The possibility of voter disenfranchisement is a neutral issue - it is not a partisan issue. It occurs when any voter is prevented from exercising their constitutionally-protected right to vote with a legal ballot at a legal voting site in a legal race for a legal candidate. Regardless of the office or slate of candidates, it is essential that all legal requirements are met by each candidate. The pursuit of accuracy in the district boundaries and determination of eligibility
for each candidate is in the best interest of ALL voters. It is important to the integrity of our system of government. Elected office holders and candidates should support any effort to clarify discrepancies in the voting process. To criticize or stymie such efforts is undemocratic (small D) and disrespectful to all voters. I would like to know that my representative is interested in the truth and the constitutionality of the election that put him or her in office.

Anonymous said...

This is absolutely ridiculous. The voters in this neighborhood have voted in this district in previous elections this was not a first time thing. You are making Soliday out to be the bad guy but if your neighbors and your neighborhood ad previously voted in the 4th district and you check with the clerk, voters registration and your neighbors. What else would you need here.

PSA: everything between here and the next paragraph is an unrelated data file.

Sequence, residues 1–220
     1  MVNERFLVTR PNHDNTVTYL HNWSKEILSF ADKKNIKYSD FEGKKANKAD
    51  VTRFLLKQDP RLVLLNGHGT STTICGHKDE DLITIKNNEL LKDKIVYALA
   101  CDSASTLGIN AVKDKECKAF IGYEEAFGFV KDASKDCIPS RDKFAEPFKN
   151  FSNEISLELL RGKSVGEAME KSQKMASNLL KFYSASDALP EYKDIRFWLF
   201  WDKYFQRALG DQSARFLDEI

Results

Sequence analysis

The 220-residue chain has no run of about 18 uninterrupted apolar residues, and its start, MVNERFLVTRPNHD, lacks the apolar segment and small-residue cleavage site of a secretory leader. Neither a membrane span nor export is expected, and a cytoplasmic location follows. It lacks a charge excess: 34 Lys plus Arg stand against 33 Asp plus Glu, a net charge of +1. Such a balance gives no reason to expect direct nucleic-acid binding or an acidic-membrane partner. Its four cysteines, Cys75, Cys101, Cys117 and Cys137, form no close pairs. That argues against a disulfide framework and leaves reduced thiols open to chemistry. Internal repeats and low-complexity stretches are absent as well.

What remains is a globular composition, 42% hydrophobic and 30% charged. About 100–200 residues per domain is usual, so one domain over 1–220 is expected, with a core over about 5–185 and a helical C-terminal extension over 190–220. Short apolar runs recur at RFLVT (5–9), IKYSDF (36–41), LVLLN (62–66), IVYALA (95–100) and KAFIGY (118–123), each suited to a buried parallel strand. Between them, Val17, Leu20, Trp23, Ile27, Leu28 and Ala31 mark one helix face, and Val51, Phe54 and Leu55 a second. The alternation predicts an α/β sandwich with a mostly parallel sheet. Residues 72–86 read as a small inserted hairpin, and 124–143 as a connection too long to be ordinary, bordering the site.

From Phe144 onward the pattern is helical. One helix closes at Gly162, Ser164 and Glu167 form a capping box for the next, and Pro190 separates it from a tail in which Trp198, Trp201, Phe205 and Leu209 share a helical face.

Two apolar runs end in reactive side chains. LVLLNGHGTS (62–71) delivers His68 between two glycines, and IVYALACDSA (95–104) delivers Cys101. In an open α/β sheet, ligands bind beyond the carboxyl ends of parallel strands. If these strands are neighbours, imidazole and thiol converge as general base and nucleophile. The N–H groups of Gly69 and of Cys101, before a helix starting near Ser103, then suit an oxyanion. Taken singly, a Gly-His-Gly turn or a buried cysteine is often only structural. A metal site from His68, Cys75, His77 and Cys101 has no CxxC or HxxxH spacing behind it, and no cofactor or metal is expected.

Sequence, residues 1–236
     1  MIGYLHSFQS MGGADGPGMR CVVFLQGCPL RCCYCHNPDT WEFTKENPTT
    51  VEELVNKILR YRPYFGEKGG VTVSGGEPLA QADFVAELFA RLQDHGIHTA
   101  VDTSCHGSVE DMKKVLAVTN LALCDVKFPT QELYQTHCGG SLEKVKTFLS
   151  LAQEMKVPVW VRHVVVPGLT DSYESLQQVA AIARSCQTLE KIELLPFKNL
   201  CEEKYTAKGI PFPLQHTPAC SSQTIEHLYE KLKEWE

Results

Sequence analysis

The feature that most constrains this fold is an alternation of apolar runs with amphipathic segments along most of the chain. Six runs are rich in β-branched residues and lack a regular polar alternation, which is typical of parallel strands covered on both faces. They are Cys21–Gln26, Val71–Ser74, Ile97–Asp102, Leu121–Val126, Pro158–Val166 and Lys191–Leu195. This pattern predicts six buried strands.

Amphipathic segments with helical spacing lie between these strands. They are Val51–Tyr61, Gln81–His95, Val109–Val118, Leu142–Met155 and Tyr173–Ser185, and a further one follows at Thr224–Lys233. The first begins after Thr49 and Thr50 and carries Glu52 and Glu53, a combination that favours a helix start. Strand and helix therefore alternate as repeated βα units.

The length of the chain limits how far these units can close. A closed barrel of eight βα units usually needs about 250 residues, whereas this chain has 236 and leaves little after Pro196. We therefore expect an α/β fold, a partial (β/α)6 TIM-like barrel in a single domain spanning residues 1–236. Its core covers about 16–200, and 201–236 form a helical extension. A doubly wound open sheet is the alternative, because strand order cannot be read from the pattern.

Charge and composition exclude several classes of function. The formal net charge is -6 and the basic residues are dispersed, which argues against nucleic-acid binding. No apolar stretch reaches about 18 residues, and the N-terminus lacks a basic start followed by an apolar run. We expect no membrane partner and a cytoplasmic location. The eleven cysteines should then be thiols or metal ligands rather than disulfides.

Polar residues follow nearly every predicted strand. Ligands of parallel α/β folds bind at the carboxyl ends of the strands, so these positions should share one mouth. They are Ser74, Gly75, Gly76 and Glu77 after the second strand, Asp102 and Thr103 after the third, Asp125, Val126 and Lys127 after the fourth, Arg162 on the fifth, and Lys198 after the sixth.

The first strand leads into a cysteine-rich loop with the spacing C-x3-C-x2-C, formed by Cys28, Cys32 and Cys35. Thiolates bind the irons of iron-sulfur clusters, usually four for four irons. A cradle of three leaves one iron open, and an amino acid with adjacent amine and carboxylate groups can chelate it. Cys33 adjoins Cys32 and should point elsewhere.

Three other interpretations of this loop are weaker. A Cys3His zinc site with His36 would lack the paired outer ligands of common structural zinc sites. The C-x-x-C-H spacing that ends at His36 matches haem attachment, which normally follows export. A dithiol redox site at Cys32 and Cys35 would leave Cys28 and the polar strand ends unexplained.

I find it ridiculous for someone to say that voters would not be disenfranchised. There are five people filing this action. There were 10175 people that voted for Soliday and 9084 people that voted for Graham where are 19255 people to file a complaint?
I think the person to drop the ball was the Democrats who if they had a problem would have challenged Mr. Soliday's residency before the election not after he has already been sworn in. That is why there are the period of time given to challenge candidates. The funny part is they are going on and on about the lines being redrawn by the county which by the way would have been Sheets (D), Burris(D) and Evans (R)no complaints when it was done. Also I believe that the Head of the Democrat & Republican Voter Registration has to certify the ballots as being correct if the Head of the Democrat side had a question about it why did she certify the ballot?